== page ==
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Eiko, Koma, and Cambodia
Eiko and Koma: "Cambodian Stories: An Offering of Painting and Dance"
May 19-21, 2006
Asia Society, 725 Park Avenue
Information: (212) 327-9271
Reviewed by Jack Anderson May 22, 2006
Eiko and Koma usually dance alone, rarely choreograph for others, and often concern themselves with mighty cosmic forces and archetypal patterns. Yet their new "Cambodian Stories: An Offering of Painting and Dance" has a cast of 11, and mingles earth and cosmos, history and myth, and life and art in an unusually poignant manner.
"Cambodian Stories" is a collaboration between the Japanese-born choreographers and the Reyum Painting Collective of the Reyum Institute of Arts and Culture in Phnom Penh, Cambodia. It came about after Daravuth Ly, who founded the institute with the late Ingrid Muan, saw a New York performance by Eiko and Koma and invited them to teach a workshop at Reyum in 2004. The experience so excited them that Eiko and Koma returned to Cambodia. The result was "Cambodian Stories," in which they are joined by nine Reyum students (a young woman and eight young men, all between 16 and 22). They are art, not dance, students, and they create paintings during the 80-minute production. But they also dance, moving with a sinuous grace that performers with far more extensive training might very well envy.
Although "Cambodian Stories" looks beautiful and large panel portraits of serene goddess-like women dominate the sides of a sand-covered stage, this is no theatrical picture-postcard. Beauty of design gives way almost immediately to factual immediacy as the performers step forward and introduce themselves and, in halting English, speak of their career ambitions, thereby implying that their production is not set in a fantasy realm. Then a large canvas is placed on the floor and dancers draw lines on it. A wooden frame is placed atop the canvas and young men dangle from it to fill in the lines on the canvas below them with colors. Their attention-commanding labors are reminders that, in a sense, all arts involve someone performing in some way: by dancing, of course, but also, perhaps, by moving a pen or typing a page or, here, by moving while holding brushes.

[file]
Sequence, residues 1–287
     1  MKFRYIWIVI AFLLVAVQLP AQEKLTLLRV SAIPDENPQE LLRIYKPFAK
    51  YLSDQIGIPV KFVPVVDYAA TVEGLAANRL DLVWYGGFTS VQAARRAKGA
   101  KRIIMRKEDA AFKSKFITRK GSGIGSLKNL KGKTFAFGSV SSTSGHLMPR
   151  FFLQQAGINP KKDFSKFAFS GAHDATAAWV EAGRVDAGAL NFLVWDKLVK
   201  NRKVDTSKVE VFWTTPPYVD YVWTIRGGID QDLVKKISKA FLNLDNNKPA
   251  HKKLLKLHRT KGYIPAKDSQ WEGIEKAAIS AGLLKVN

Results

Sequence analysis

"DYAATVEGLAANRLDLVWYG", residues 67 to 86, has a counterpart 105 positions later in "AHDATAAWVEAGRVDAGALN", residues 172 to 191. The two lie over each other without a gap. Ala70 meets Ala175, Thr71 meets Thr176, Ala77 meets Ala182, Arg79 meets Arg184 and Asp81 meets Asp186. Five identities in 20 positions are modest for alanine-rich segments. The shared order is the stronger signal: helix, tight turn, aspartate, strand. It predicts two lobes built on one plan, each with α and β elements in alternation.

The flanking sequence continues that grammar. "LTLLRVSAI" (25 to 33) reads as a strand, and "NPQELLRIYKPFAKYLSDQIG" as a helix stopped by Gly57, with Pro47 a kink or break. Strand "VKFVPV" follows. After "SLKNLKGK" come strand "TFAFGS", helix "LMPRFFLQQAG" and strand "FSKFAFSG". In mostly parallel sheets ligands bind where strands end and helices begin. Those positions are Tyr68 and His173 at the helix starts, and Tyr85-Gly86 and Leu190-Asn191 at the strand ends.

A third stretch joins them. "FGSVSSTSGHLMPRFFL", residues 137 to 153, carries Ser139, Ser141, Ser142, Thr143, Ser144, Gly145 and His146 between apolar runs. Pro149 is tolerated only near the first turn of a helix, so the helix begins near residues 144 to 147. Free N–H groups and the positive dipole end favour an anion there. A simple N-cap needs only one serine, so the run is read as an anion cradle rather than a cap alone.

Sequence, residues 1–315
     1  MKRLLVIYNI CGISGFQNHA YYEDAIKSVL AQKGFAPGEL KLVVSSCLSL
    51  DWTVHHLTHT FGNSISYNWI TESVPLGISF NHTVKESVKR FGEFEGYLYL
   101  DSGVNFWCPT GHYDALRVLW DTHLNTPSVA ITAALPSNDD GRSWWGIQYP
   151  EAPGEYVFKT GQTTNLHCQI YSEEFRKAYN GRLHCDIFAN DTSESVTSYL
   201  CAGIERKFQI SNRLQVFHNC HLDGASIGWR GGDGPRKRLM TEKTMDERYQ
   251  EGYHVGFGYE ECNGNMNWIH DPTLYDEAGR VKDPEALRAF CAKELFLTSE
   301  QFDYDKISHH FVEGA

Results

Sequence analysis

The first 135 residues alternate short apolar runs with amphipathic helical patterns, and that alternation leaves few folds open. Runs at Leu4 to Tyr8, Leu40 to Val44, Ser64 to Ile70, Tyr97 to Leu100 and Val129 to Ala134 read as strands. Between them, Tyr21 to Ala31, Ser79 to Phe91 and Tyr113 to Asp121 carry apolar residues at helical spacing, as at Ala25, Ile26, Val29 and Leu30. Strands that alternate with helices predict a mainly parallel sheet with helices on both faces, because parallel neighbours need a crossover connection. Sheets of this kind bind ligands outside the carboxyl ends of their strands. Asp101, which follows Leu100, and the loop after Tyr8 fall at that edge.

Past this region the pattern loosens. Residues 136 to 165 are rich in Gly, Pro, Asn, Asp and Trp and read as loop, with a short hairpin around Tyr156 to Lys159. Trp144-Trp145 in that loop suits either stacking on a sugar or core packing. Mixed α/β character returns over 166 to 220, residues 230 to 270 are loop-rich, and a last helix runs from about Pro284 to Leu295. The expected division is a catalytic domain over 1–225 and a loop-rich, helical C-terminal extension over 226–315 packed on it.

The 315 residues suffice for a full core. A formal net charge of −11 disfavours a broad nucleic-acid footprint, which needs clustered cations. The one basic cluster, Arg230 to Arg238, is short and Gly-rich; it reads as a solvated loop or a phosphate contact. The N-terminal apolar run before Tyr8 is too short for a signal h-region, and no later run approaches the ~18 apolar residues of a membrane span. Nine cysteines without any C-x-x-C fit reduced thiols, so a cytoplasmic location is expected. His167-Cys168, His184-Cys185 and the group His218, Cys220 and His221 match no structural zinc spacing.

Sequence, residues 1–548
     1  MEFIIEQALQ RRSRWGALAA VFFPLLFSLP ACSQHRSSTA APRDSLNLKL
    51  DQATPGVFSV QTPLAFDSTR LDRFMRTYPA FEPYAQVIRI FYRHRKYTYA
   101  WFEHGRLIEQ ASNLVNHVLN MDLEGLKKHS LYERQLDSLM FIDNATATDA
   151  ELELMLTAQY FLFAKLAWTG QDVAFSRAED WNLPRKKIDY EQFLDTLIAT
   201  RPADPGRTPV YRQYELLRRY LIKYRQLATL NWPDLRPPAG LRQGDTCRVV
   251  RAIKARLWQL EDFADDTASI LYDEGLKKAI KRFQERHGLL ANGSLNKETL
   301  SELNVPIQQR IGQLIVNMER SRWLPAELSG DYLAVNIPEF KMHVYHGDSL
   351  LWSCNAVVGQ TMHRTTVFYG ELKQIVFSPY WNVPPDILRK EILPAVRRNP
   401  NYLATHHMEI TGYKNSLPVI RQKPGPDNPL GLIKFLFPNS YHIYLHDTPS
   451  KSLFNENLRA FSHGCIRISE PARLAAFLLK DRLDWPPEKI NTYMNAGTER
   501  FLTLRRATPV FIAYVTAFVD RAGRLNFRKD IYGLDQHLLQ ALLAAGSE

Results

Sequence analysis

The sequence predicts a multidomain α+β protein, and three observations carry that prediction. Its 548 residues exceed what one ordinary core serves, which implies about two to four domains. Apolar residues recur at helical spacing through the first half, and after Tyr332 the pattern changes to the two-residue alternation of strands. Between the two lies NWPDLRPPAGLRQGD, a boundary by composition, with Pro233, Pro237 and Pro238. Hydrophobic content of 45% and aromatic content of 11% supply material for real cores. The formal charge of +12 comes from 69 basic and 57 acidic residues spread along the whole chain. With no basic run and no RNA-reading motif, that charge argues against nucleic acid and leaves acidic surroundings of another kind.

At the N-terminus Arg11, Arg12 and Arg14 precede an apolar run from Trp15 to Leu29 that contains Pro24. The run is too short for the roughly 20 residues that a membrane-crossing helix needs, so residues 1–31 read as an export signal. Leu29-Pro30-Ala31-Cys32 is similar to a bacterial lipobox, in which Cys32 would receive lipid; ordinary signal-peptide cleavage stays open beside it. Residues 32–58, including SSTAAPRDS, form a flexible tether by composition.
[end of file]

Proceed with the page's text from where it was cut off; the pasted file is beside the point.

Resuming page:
Chakreya So, the one female Reyum dancer, makes the first of many ceremonious traversals of the stage. The painting, a woman's portrait, is raised from the floor to face the audience. Chakeyra So crosses the stage again, followed by other students and Eiko and Koma while a taped collage arranged by Sam-Ang Sam quotes a Cambodian pop song, in English, that urges, "Take me to your heart, take me to your soul." Given these dedicated young artists, who could resist such an invitation?
A male soloist appears, the incredibly lithe Setpheap ("Peace") Sorn, who lets one sculptural pose melt almost imperceptibly into another. All the young people's solo dances feature lifted arms suggesting hope, aspiration, or supplication.
At one point, Eiko, too, makes an upraised hand seem a precious treasure. But, moments later, dancers begin to falter and stagger, looking weak and emaciated, and forcing historically-minded theatergoers to remember that during Pol Pot's genocidal dictatorship, millions of Cambodians were starved, tortured, or worked to death. Such tyranny is never specifically mentioned, yet its shadow looms over the production.
The stage resembles a killing field. The portraits of the serene women fall to the floor. Chakreya So stretches out motionless as a corpse. But a new paint frame is placed at the back of the stage. The men clamber on it and start painting bright colors on a black backcloth, all of which hints that a reasonably happy ending may be approaching. Yet it will not be a facile resolution. Eiko and Koma writhe, as if exhausted, Koma groaning like a wounded animal. But the mural is finished, showing another goddess-like figure, stretched out with long flowing hair. The dancers limp offstage.
When the men return, they sink to the ground. The backdrop falls, revealing a fresh mural behind it, this one a row of serene women's portraits. Dancers slowly stir and paint a final mural: an ambiguous image, probably a reclining woman and, possibly, an idealization of Chakreya So, but a shape also suggesting a mountain rising above a sea and forest. The dancers support one another and struggle back to life.
Life is indeed restored, but with effort. The conclusion leaves several performers paint-spattered.
Yet better paint-spattered, than blood-stained.
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